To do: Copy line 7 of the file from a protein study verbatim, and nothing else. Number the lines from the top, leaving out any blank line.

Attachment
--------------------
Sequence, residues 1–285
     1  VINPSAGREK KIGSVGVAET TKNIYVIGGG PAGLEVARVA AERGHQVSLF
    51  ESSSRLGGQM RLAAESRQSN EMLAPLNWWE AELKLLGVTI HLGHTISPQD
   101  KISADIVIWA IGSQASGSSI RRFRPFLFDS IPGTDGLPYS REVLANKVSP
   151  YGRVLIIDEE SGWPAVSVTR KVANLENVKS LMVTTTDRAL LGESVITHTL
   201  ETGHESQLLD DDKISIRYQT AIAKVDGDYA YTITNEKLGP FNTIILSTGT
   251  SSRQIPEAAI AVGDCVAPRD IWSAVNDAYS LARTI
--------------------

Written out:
   251  SSRQIPEAAI AVGDCVAPRD IWSAVNDAYS LARTI